The Relationship Between Huckleberry Finn And Jim: How Does Huck See Jim?

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The Impact of Slavery
An ongoing theme portrayed by the four sources was how intolerance versus humanity was involved with slavery during this time. In The Adventures of Huckleberry Finn novel, the setting is Pre-Civil War, where slavery was still legal. This showed many aspects of intolerance and why people broke the rules because of the way Jim, the slave, was treated. In the DBQ Packet, The Relationship Between Huckleberry Finn and Jim: How Does Huck See Jim?, the theme of intolerance is dragged on with information of the relationship status knowing that Jim was a runaway slave. In the time article, From Romanticism to Realism 1855-1870, it shows that slavery was what divided the nation. This divide was most recognized between the intolerance in the South and the humanity in the North. Another source that shows how intolerance and humanity during this time was handled was an article written by Richard Lacayo about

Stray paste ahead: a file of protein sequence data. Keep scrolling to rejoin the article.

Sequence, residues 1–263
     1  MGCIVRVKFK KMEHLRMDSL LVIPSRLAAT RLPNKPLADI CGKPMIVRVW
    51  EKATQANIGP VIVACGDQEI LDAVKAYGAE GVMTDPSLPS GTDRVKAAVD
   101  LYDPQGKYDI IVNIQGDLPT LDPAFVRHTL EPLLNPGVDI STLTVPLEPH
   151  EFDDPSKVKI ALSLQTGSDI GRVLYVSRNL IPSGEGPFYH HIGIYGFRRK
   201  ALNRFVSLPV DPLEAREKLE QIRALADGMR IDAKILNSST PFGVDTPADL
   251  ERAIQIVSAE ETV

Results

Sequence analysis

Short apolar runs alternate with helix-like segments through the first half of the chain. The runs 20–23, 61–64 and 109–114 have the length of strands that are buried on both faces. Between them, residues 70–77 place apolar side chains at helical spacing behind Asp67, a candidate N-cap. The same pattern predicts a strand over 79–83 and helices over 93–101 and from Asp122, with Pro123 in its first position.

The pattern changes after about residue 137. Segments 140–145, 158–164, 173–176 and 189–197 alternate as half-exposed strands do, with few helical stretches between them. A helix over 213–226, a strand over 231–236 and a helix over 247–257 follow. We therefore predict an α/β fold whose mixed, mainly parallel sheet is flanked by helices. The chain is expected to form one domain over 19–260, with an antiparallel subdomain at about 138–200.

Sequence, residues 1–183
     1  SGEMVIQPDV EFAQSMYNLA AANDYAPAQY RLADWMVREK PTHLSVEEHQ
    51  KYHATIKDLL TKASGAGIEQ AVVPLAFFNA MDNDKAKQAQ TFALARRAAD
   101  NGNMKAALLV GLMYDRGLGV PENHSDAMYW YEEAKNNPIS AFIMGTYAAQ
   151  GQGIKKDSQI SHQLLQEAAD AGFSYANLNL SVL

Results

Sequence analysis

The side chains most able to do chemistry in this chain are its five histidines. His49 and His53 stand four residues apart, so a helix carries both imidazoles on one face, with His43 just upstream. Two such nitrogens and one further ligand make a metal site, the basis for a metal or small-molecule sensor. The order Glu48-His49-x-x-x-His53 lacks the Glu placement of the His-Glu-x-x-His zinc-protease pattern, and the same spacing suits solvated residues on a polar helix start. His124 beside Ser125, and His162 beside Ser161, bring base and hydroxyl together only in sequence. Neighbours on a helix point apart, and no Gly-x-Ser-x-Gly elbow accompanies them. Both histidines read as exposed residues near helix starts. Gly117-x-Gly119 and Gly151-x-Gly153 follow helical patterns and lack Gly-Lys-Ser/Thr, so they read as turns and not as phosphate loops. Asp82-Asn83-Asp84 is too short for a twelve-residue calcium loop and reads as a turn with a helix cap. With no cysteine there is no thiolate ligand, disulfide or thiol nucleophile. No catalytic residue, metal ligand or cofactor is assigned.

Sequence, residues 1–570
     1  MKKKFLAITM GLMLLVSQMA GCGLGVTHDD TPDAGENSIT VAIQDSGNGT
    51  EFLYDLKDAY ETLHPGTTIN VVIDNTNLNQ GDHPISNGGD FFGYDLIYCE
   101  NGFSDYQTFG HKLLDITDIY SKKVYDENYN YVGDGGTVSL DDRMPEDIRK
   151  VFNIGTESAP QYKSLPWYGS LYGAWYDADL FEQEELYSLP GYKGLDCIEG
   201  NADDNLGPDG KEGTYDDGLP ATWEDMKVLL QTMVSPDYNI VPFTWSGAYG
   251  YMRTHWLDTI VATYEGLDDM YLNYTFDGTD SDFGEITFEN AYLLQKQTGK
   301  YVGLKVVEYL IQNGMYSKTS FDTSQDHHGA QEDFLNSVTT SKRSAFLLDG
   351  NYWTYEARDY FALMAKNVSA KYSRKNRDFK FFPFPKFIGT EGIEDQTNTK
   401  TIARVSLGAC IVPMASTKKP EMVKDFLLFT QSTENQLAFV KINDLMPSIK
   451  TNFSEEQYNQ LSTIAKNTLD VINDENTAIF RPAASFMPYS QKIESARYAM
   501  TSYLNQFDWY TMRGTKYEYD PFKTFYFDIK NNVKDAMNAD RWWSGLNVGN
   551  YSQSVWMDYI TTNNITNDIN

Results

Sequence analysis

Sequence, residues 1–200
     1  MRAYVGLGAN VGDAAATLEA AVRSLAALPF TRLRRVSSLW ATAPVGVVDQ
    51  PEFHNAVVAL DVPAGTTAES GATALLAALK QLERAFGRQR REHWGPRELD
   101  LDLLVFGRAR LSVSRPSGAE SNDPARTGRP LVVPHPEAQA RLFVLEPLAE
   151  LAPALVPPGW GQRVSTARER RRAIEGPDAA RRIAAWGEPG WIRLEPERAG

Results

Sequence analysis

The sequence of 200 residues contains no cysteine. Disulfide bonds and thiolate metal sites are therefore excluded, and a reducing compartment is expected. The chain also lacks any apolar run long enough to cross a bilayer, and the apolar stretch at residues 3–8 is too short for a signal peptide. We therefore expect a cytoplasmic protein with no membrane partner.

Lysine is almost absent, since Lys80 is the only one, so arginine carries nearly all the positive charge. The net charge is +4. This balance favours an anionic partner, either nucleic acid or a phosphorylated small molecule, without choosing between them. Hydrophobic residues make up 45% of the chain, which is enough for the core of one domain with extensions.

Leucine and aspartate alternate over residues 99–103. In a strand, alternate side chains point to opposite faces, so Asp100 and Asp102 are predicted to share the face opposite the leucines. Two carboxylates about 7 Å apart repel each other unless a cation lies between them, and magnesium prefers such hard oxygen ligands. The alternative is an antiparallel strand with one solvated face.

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In this packet, in some ways, the question about why people break the rules is answered. Huck is mostly in the wrong because he takes Jims side and helps Jim strive for freedom. In a way, this is very wrong and Huck struggled with doing the right thing or doing best by Jim. In other ways though, Huck was very happy to see Jim and to encounter him and had him to tag along with, no matter the consequences. “... I took it up, and held it in my hand. I was trembling because I’d got to decide, forever, betwixt two things, and I knowned it. I studied a minute, sort of holding my breath, and then says two myself: “All right, then, I’ll go to hell” -and tore it up” (Document E). This is a time in the novel that shows how Huck battled with intolerance and humanity. Huck could’ve done right and ratted Jim out to Miss Watson, but instead, Huck realized the care that he actually had for Jim. This shows how slavery had an affect on why people broke the

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